Local Government New Zealand (LGNZ) is urging central government to keep its policy options open, and work collaboratively with local government to find the best solution so that New Zealanders continue to enjoy safe drinking water.
That’s the message that was delivered at the Water New Zealand Conference today in a speech by LGNZ Vice-President Stuart Crosby, who reiterated local government’s long-standing call for clearer water standards, co-regulation, and more stringent performance monitoring.
His call supports many of the recommendations from the Havelock North Inquiry, which investigated the cause of the 2016 water contamination incident, in which 5,000 people fell sick, and was also linked to the loss of four lives.
However, local government is concerned that central government is increasingly fixated on putting policy solutions in place that would radically restructure the entire three waters sector, which includes stormwater and wastewater, without working in partnership with the owners of these water assets.
"Where we don’t agree with the Government is the belief you need to rationalise the entire water sector into a handful of regional water monopolies to fix the current problems in the drinking water space," said Mr Crosby in his speech.
"The Havelock North Inquiry correctly identified problems with the provision of drinking water, and that is where we should focus our attention."
"Why the Government has included waste and stormwater in its policy review isn’t entirely clear, and we aren’t convinced the available data and analysis support the scope of the regulatory changes being considered. This is hardly the spirit of open collaboration that was promised when the government undertook its Three Waters Review."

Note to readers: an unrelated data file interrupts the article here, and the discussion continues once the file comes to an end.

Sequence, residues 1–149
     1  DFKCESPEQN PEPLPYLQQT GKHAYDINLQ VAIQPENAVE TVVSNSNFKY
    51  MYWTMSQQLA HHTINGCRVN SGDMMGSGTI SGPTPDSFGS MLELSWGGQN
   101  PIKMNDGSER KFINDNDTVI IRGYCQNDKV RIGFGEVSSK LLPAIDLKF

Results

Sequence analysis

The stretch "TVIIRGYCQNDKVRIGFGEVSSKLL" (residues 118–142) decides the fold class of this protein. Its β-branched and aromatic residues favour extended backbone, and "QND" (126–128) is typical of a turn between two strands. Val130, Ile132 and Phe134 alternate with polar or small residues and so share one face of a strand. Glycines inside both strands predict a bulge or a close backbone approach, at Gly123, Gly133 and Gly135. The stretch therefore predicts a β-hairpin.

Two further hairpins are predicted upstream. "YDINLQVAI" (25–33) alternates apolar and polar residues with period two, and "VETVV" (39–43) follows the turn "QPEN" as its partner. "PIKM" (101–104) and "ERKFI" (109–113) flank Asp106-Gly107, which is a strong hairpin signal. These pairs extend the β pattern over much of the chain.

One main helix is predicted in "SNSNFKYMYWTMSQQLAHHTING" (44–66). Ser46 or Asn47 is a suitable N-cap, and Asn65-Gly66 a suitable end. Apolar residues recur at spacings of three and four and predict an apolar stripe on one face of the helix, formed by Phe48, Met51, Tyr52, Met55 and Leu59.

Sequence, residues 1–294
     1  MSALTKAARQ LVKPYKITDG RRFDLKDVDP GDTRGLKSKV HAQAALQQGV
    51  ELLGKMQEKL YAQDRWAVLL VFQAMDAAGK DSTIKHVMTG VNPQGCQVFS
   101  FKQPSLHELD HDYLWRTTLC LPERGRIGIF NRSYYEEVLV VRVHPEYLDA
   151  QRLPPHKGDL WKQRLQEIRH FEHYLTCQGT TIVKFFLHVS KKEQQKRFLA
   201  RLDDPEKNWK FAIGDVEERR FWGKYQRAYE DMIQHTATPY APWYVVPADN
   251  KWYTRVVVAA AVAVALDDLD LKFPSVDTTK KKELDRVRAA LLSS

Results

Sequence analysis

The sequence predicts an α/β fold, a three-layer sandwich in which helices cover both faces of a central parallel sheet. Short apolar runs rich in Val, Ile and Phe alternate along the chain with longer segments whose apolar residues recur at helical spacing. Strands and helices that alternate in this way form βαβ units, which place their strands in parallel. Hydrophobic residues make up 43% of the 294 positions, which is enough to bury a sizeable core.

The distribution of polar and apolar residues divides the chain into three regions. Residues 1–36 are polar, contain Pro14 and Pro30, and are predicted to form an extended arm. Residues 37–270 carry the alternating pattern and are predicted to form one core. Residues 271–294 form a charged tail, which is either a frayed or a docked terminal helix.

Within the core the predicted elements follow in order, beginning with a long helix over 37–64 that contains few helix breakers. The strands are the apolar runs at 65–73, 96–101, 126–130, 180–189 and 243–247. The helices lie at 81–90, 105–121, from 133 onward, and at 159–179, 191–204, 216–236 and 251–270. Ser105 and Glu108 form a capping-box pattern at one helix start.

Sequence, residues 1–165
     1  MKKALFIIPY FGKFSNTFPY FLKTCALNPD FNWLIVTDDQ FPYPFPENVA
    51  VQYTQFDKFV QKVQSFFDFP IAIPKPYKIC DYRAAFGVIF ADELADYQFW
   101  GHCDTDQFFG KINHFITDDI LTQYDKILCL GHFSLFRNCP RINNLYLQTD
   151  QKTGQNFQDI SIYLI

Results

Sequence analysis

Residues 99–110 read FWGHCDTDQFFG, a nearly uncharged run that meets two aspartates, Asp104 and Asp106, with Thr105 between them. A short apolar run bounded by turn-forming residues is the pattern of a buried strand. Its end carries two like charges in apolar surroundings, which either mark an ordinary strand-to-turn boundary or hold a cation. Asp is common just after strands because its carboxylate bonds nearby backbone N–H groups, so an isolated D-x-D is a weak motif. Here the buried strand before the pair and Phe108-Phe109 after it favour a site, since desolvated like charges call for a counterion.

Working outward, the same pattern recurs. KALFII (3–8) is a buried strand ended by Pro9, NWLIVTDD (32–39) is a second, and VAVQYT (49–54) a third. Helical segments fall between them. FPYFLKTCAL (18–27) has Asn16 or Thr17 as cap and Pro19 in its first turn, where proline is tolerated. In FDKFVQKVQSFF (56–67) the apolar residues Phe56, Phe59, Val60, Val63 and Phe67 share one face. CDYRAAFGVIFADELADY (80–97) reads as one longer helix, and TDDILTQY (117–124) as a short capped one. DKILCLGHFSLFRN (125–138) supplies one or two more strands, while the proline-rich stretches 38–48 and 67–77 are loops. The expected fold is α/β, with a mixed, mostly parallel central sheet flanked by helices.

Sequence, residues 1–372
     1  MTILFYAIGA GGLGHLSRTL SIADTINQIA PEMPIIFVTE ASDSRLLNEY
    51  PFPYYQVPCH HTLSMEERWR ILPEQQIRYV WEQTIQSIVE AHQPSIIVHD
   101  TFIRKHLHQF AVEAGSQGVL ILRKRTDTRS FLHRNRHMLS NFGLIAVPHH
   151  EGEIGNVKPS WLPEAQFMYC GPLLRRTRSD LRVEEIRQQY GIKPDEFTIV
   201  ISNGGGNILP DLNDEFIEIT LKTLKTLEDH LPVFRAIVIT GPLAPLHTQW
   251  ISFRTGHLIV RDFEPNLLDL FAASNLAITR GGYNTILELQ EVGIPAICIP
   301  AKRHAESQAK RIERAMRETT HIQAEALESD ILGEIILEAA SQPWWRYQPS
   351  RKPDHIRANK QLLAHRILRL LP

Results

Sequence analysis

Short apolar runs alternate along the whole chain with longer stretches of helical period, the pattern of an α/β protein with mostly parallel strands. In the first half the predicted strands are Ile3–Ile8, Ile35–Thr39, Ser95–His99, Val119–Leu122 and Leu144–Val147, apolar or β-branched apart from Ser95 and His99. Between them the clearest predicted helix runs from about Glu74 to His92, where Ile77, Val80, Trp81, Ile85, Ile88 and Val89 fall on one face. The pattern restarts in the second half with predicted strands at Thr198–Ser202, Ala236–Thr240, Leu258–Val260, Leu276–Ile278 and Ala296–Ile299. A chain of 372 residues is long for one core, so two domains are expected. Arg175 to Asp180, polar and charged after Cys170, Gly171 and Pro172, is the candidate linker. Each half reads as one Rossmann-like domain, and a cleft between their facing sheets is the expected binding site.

He said characterisations of New Zealand’s water system as "broken" were mistaken, and quoted central government’s own research that showed the number of drinking water treatment plants that failed to meet drinking water standards had declined significantly since 2010.
"To be clear, local government is not arguing against change," said Mr Crosby. "But any mandate for change must be built on hard data, evidence-based policy proposals, and it must be an open and collaborative discussion to find the best way forward."
"We are not against aggregation either. Only the mandatory part. Wellington Water, which is jointly owned by Greater Wellington Regional Council and Hutt, Porirua, Upper Hutt and Wellington city councils, shows the sector is capable of independently consolidating services and infrastructure where it make sense to do so."
"What we are calling for is for local government and central government to have an evidence-based discussion on our water system. Only then can we have the confidence to talk about innovative policy solutions that strike a better balance between health, sustainability, and affordability outcomes."
LGNZ has played a leading role is the three waters policy space, having conducted a National Information Framework Survey in 2014, which collected detailed data on the three waters assets and services from a total of 70 councils. LGNZ’s 3 Waters Issue Paper provides an overview of this data, and can be downloaded here.
This data was used as the basis of LGNZ’s 3 Waters Position Paper, which was published in 2015, which argued for a refresh of the regulatory framework to ensure delivery of quality potable and waste water services. The paper can be downloaded here. This work informs LGNZ’s Water 2050 project , which advocates for a coherent policy framework that addresses freshwater and water infrastructure issues.
About LGNZ and local government in New Zealand
Local Government New Zealand (LGNZ) is the peak body representing New Zealand's 78 local, regional and unitary authorities. LGNZ advocates for local democracy, develops local government policy, and promotes best practice and excellence in leadership, governance and service delivery. Through its work strengthening sector capability, LGNZ contributes to the economic success and vibrancy of communities and the nation.
The local government sector plays an important role. In addition to giving citizens a say in how their communities are run, councils own a broad range of community assets worth more than $120 billion. These include 90 per cent of New Zealand's road network, the bulk of the country's water and waste water networks, and libraries, recreation and community facilities. Council expenditure is approximately $8.5 billion dollars, representing approximately 4 per cent of Gross Domestic Product and 11 per cent of all public expenditure.
For more information visit www.lgnz.co.nz.